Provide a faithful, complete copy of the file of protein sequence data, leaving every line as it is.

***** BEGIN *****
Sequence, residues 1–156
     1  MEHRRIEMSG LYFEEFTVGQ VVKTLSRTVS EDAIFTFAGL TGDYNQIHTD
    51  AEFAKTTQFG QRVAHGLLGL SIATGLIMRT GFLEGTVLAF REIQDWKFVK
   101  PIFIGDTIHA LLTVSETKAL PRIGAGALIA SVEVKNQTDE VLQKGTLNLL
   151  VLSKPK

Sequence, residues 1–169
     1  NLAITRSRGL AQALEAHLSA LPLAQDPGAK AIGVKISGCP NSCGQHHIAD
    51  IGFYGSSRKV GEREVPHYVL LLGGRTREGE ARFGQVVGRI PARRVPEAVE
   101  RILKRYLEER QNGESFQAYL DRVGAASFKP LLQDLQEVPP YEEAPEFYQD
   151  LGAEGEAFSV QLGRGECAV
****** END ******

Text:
Sequence, residues 1–156
     1  MEHRRIEMSG LYFEEFTVGQ VVKTLSRTVS EDAIFTFAGL TGDYNQIHTD
    51  AEFAKTTQFG QRVAHGLLGL SIATGLIMRT GFLEGTVLAF REIQDWKFVK
   101  PIFIGDTIHA LLTVSETKAL PRIGAGALIA SVEVKNQTDE VLQKGTLNLL
   151  VLSKPK

Sequence, residues 1–169
     1  NLAITRSRGL AQALEAHLSA LPLAQDPGAK AIGVKISGCP NSCGQHHIAD
    51  IGFYGSSRKV GEREVPHYVL LLGGRTREGE ARFGQVVGRI PARRVPEAVE
   101  RILKRYLEER QNGESFQAYL DRVGAASFKP LLQDLQEVPP YEEAPEFYQD
   151  LGAEGEAFSV QLGRGECAV